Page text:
Digestive discomforts like heartburn, stomach upset, acid reflux and painful gas could be symptoms of serious medical problems. If you have questions about your digestive health, but aren’t quite sure where to begin, start with a digestive health assessment and learn more about conditions you may have.
Answer a few questions to learn more about conditions you may have.Begin Assessment
Introduction – The Digestive System
Your doctor may order an endoscopy to visually examine an organ. An endoscope is a flexible tube with an attached camera that allows your doctor to see. An endoscope’s lighted camera allows your doctor to view potential problems without a large incision. It is typically inserted through an opening in the body such as the mouth. A screen in the operating room lets the doctor see exactly what the endoscope sees.
Your doctor will give you complete instructions on how to prepare for your endoscopy. Most types of endoscopy require you to fast before the procedure, but your doctor will clarify this.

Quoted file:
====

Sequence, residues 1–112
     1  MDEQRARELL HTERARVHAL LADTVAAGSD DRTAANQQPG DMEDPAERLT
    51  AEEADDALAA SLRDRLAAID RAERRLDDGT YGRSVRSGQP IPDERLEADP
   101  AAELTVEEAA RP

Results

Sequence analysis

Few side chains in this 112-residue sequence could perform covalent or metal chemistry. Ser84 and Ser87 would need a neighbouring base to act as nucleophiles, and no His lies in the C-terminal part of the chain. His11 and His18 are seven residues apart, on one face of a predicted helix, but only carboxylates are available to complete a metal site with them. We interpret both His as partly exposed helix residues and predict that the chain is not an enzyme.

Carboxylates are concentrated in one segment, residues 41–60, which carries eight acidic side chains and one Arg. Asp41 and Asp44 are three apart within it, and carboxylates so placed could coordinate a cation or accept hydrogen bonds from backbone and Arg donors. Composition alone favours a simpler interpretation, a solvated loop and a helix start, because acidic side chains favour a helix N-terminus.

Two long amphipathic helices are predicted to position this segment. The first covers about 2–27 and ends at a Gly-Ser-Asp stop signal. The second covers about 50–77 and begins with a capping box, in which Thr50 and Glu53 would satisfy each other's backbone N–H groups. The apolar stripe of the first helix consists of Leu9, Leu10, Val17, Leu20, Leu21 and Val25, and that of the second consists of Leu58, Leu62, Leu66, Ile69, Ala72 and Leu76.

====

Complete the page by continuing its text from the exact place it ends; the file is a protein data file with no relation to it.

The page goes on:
Prior to the endoscopy, your doctor will do a physical examination and go over your complete medical history, including any prior surgeries. Be sure to tell your doctor about any medications you’re taking, including over-the-counter drugs and nutritional supplements, and also alert your doctor about any allergies you might have. You may need to stop taking certain medications if they might affect bleeding.
You must plan to have someone else to drive you home after the procedure due to the anesthesia.
Most visits last about three hours depending on the type of procedure. During your visit, our staff will assist you to your private pre-op and post-op rooms. Each includes a private bathroom and television to improve your experience before and after the procedure. We will guide your family and/or friends to our waiting area for 20 – 30 minutes while we get you ready in pre-op area.
Most endoscopies are outpatient procedures. This means you can go home the same day. You may have mild discomfort after the procedure, and the medication may take a while to wear off. It’s wise to take time off work and to avoid making important life decisions until you’re completely recovered.